Faculty Council and General Faculty Records
Scope and Contents
This collection contains 10 boxes of materials, dating from as early as 1895. It is primarily dedicated to minutes and agendas from Faculty Council meetings, however, it also contains semi-annual reports to the University of North Carolina at Chapel Hill and reports on racial duality of UNCG and North Carolina Agricultural and Technical University.
- 1895 - 1991
- Faculty Council and Academic Cabinet (Organization)
Conditions Governing Access
This collection is open for research.
Conditions Governing Use
Copyright is retained by the creators of items in these papers, or their descendants, as stipulated by United States copyright law. Manuscript collections and archival records may contain materials with sensitive or confidential information. Please see our Sensitive Materials Statement.
4.17 Linear Feet (10 boxes)
Language of Materials
The Faculty Council has been extant at UNCG since its beginning, and was the main legislative body for the faculty. In 1991, because of a change in faculty governance, the Faculty Council was abolished and the General Faculty was created to take its place. The collection of the UNCG Faculty Council is comprised of 10 boxes of materials, and is almost entirely composed of minutes and agendas from Faculty Council meetings.
Method of Acquisition
The records for 1895-1949 were transferred to the University Archives by the Office of the Registrar. They remained in classed archives until joined with the records for 1950-1972 sent from the Office of the Chancellor in September 1984. The records for 1972-1991 were taken from the records of the Vice Chancellor for Academic Affairs. In February 2006 the Office of the Registrar transferred additional records dating from 1949 to 1991 and those records were merged with the existing records.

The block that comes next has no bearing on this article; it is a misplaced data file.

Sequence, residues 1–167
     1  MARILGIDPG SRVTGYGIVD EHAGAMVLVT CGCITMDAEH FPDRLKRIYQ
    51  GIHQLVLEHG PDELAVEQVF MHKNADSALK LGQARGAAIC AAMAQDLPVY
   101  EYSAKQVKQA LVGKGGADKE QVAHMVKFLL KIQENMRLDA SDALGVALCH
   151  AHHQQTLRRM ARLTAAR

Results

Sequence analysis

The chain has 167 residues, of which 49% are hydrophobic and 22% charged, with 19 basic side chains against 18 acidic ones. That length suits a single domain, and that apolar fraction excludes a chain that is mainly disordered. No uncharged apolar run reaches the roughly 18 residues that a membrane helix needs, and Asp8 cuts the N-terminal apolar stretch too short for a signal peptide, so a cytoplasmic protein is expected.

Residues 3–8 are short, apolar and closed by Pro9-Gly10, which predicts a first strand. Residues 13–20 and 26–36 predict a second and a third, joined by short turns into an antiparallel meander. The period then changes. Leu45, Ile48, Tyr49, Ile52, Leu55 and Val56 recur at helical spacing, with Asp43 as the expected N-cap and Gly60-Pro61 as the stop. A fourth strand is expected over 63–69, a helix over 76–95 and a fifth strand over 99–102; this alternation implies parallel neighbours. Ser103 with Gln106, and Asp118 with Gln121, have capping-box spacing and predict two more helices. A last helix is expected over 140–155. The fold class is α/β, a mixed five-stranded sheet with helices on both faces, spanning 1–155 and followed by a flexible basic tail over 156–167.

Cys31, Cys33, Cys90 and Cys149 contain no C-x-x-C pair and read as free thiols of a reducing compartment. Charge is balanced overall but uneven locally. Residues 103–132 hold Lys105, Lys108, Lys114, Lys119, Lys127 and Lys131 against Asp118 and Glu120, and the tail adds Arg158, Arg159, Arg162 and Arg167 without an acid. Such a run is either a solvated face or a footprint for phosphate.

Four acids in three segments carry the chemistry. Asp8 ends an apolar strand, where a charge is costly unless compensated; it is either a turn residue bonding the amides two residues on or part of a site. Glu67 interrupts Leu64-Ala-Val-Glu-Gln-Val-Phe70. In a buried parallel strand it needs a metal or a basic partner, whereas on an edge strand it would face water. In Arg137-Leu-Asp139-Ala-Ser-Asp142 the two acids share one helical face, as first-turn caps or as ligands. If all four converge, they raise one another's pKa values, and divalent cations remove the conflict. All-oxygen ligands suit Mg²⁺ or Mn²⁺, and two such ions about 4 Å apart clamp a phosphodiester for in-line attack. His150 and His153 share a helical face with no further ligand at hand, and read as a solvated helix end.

Accruals and Additions
Minutes - including related agendas and memoranda - are received on a continuing basis.
Offensive Language Statement
The UNC Greensboro University Libraries collects, preserves, and makes accessible unique and historical materials for learning and research. The nature of historical materials is such that some material may represent positions, norms, and values that are offensive and objectionable. These materials represent the opinions and actions of their creators. By providing access to these records in our reading room and through our digital collections, we recognize that archives and rare books can play a vital role in holding those creators accountable and in helping us learn from the past.
Our finding aids and other collection descriptions may occasionally re-use language provided by creators or former holders of the materials, but we strive to place outdated or offensive terminology in context. That said, we recognize that we may not always make the right decision and welcome feedback from all sources so we can learn and adjust our practices. Please contact us at firstname.lastname@example.org if you encounter problematic language in our finding aids or other collection description. We will review the language and, as appropriate, update it in a way that balances preservation of the original context with our ongoing commitment to describing materials with respectful and inclusive language.
Processed by Sean Mulligan and Samantha Way, February 2014.
- Faculty Council and General Faculty Records
- Sean Mulligan and Samantha Way
- Description rules
- Describing Archives: A Content Standard
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